The first indicator for measuring FGM prevalence is the percentage of girls and women of reproductive age (15 to 49) who have experienced any form of the practice. This is derived from self-reports. Typically, girls and women are also asked about the type of FGM performed, at what age they were cut and by whom. Most surveys include additional questions related to women’s – and in some cases men’s – attitudes surrounding FGM/C. In most surveys, eligible respondents are all girls and women aged 15 to 49. Exceptions include Egypt (DHS in 1995, 2000, 2003 and 2005), Sudan (DHS 1989─1990) and Yemen (DHS 1997), where the sample of respondents includes only girls and women aged 15 to 49 who have ever been married.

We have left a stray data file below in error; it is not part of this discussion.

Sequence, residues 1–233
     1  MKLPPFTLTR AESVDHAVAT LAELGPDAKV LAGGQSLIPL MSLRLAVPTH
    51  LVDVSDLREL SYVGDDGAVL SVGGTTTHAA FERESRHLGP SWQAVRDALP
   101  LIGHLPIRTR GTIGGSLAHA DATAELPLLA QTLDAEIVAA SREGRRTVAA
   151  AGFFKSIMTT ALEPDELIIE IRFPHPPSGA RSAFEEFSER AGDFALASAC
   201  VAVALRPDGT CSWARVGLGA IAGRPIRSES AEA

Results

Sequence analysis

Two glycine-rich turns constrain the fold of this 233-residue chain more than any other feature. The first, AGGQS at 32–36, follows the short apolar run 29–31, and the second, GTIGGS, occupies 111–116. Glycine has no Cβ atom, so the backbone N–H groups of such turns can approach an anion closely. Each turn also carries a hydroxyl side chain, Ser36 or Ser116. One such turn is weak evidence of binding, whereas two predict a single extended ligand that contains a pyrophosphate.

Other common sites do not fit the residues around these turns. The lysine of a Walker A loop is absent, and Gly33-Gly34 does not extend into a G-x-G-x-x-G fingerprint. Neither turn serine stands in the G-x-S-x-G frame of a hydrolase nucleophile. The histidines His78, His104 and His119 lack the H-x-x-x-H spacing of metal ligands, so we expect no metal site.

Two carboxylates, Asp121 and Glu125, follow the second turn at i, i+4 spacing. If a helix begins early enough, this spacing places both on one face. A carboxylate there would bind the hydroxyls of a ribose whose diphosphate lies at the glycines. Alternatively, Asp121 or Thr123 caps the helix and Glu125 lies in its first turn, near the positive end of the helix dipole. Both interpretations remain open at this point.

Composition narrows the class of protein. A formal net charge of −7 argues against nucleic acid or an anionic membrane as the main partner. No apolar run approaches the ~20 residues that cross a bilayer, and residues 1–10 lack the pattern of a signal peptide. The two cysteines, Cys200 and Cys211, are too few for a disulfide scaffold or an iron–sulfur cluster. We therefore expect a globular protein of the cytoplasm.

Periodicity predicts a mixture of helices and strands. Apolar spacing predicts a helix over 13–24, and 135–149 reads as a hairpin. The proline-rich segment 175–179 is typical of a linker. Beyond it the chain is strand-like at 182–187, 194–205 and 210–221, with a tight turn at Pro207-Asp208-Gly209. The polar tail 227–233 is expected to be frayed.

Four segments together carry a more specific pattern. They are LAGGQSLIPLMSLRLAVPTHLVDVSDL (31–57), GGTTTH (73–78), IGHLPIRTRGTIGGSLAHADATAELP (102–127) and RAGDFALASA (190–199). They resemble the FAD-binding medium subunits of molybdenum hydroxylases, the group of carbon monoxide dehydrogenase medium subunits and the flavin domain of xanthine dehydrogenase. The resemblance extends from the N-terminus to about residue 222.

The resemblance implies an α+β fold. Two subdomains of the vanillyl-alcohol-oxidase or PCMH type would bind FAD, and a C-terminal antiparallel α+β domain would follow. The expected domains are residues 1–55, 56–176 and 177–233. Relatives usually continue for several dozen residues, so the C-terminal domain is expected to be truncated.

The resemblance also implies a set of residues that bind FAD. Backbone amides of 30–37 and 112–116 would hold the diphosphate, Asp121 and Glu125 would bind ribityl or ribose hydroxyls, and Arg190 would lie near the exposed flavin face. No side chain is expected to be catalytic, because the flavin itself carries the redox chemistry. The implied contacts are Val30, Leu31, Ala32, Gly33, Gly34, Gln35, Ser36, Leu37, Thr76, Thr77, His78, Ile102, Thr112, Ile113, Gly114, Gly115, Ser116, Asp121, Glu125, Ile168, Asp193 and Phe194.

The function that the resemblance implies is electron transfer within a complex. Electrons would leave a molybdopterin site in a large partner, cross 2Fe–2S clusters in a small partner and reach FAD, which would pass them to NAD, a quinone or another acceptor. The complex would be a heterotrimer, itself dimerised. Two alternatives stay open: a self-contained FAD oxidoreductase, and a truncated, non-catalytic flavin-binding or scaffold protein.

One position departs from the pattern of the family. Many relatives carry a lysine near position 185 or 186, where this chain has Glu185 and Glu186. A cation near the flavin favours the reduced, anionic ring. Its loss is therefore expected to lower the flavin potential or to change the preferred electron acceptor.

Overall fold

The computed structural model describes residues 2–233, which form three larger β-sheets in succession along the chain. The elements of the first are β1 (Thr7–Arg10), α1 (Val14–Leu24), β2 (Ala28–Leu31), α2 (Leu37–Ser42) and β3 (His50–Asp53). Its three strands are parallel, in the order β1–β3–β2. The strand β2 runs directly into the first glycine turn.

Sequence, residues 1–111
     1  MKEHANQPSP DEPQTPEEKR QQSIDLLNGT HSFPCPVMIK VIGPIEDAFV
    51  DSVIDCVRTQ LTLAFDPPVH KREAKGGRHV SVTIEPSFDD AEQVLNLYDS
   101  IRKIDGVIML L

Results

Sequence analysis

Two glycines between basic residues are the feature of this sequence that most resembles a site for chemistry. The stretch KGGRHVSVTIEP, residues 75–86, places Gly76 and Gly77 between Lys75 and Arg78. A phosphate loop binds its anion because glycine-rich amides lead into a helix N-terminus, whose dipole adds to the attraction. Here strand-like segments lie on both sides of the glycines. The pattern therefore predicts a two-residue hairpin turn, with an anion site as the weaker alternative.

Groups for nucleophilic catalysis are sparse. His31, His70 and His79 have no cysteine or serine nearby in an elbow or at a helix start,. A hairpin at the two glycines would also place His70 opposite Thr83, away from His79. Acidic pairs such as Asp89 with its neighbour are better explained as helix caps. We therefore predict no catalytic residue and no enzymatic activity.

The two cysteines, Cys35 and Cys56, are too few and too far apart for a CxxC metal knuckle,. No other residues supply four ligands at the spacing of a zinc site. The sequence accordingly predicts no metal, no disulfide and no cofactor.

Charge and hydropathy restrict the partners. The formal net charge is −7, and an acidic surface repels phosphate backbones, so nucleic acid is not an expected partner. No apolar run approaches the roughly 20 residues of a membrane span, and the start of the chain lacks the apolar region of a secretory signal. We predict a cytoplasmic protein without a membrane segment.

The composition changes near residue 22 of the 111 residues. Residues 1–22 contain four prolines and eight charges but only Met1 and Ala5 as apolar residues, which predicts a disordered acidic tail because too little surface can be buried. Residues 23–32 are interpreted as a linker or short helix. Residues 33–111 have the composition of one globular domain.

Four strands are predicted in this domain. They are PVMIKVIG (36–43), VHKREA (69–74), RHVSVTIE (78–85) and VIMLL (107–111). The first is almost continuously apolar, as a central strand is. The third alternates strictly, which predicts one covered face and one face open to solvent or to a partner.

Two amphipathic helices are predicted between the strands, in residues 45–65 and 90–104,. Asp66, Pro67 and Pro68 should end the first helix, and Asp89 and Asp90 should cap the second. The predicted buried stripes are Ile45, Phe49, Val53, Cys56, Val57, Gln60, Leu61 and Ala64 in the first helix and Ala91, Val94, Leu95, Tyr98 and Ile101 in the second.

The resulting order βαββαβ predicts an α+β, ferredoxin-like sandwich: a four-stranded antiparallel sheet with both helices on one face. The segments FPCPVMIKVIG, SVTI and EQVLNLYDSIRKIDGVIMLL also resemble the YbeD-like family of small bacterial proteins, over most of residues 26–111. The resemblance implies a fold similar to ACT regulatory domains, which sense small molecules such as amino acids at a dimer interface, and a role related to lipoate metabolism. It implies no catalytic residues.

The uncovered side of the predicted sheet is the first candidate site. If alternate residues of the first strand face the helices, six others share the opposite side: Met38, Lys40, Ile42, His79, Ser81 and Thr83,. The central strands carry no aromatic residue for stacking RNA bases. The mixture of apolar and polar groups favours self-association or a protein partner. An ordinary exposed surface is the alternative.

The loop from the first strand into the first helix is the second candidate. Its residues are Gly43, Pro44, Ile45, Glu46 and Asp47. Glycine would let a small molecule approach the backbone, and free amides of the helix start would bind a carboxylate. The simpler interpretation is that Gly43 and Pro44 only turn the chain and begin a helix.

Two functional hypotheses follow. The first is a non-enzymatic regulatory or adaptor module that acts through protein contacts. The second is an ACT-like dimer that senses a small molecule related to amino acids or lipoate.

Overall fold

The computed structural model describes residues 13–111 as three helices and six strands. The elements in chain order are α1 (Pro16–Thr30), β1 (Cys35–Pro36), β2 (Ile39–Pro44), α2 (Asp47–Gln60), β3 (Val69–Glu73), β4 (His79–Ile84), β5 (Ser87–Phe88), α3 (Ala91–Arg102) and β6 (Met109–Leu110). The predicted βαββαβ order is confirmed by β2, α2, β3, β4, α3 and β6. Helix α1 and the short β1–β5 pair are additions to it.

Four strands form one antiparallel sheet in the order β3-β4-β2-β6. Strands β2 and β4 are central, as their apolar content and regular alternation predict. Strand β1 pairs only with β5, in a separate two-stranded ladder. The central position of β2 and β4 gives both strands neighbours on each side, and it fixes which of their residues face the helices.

The second indicator used to report on the practice measures the extent of cutting among daughters of girls and women of reproductive age (15 to 49). In surveys up to 1999, female respondents who had at least one living daughter were asked about their eldest daughter: whether she was cut, the age at which FGM was performed, the type of FGM carried out and the person who did it. If the eldest daughter was reportedly not cut, respondents were asked if they intended to have their daughter cut. Starting in 1999, rather than asking about the eldest daughter, DHS and MICS began asking respondents whether any of their daughters had undergone FGM and, if so, how many of their daughters had been cut. This was followed by questions about the procedure (type, age at cutting and practitioner) for the daughter most recently cut.